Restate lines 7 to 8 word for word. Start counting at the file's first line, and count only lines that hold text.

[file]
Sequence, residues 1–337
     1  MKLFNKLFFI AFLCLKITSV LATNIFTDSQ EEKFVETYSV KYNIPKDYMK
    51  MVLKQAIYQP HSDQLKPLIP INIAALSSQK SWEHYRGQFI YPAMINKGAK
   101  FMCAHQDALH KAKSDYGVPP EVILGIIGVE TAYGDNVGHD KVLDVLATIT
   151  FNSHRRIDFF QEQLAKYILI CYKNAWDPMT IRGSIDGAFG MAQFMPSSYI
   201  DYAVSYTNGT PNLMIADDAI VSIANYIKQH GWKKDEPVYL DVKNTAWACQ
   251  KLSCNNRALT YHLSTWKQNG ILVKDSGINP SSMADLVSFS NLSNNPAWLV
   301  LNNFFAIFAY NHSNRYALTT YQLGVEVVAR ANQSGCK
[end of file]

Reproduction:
   251  KLSCNNRALT YHLSTWKQNG ILVKDSGINP SSMADLVSFS NLSNNPAWLV
   301  LNNFFAIFAY NHSNRYALTT YQLGVEVVAR ANQSGCK